As with Barton’s representation of Eichler, the case posed some significant problems.
First, the grounds for protection of "asylees" and refugees (persons seeking protection from outside the United States) are limited to persecution that is the result of the applicant’s race, religion, nationality, social group or political opinion.
"Sometimes, the law is quite harsh," says Statler. "Asylum cases don’t fix every bad thing in the world, i.e., civil war. You have to show that you, specifically, are being targeted because of one of these five reasons."
Second, the asylee’s request generally must be filed within one year of his arrival in the United States. In this case, Statler’s client already had been here about 11 months, so the clock was running.
At the same time, getting histories from applicants for asylum often requires gentle, time-consuming fact-finding on the part of their lawyers.
"People come in and tell me these things," says Statler. "It’s like something you read in a book. I had a man tell me about being tortured in the ‘ghost houses’ (security buildings) in Sudan. He’d suffered terrible torture; the American government handed him asylum on a silver plate. These people are opening up these things to you, and you are writing them down on a piece of paper. You need to be patient, painstaking. It can be draining; I can only take so many asylum cases at one time."
Nonetheless, she does keep taking them.
"It’s just a very thin little letter," she says of the notification her clients from Togo, Sudan and other places — often in French-speaking Africa — receive from the Asylum Office of Citizenship & Immigration Services if their applications have been accepted. "But sometimes it just brings tears to your eyes."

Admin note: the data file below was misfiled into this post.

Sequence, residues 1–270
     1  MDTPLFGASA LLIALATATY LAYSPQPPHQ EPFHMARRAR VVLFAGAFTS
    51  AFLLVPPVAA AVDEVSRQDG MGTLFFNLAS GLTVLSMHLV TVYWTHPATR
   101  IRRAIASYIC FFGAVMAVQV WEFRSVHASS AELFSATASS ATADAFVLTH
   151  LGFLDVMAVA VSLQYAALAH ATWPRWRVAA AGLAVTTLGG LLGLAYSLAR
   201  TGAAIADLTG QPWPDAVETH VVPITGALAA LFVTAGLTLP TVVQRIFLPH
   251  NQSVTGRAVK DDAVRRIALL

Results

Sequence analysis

"My husband was in the Peace Corps: Mali," says Statler. "I’ve never been to Africa myself. But if you can’t go there, help people here. Think globally, act locally. That’s what I’m doing. I think asylum cases are the heart of immigration law."
At the same time that Statler was helping her client from Togo, another bar member with a Peace Corps connection was turning a little pro bono molehill into a most-satisfying legal mountain.
Retired Ashland attorney David Berger is a long-time member of the Oregon bar. He spent most of his career as a plaintiffs’ antitrust lawyer — "against price-fixing," as he puts it — in Seattle. Then he and his wife retired to Ashland, where they had built a house after serving in the Peace Corps in Jamaica in the early ’90s as a transition from active practice.
Berger worries about the effect the influx of new residents like him and his wife is having on Ashland.
"I want to see more low-income housing in Ashland," says Berger. "We really need it. I don’t want it to become an enclave of the rich and retired."
So Berger was happy when Debra Lee, executive director of Jackson County’s Center for NonProfit Legal Services (another bar-certified pro bono program) asked him for help.
The center itself had been asked to provide legal representation to nine families who had been chosen to buy affordable housing through a government-sponsored, "sweat-equity" land-trust program.
"I think we did have a copy of the land lease, which was quite lengthy, and there were nine families involved," says center housing unit attorney Debbie Mayer. "So we asked for help from David Berger and Medford attorneys Robert Grant and Darrel Jarvis. Bob and Darrel gave crucial input to the project, but David was my primary contact."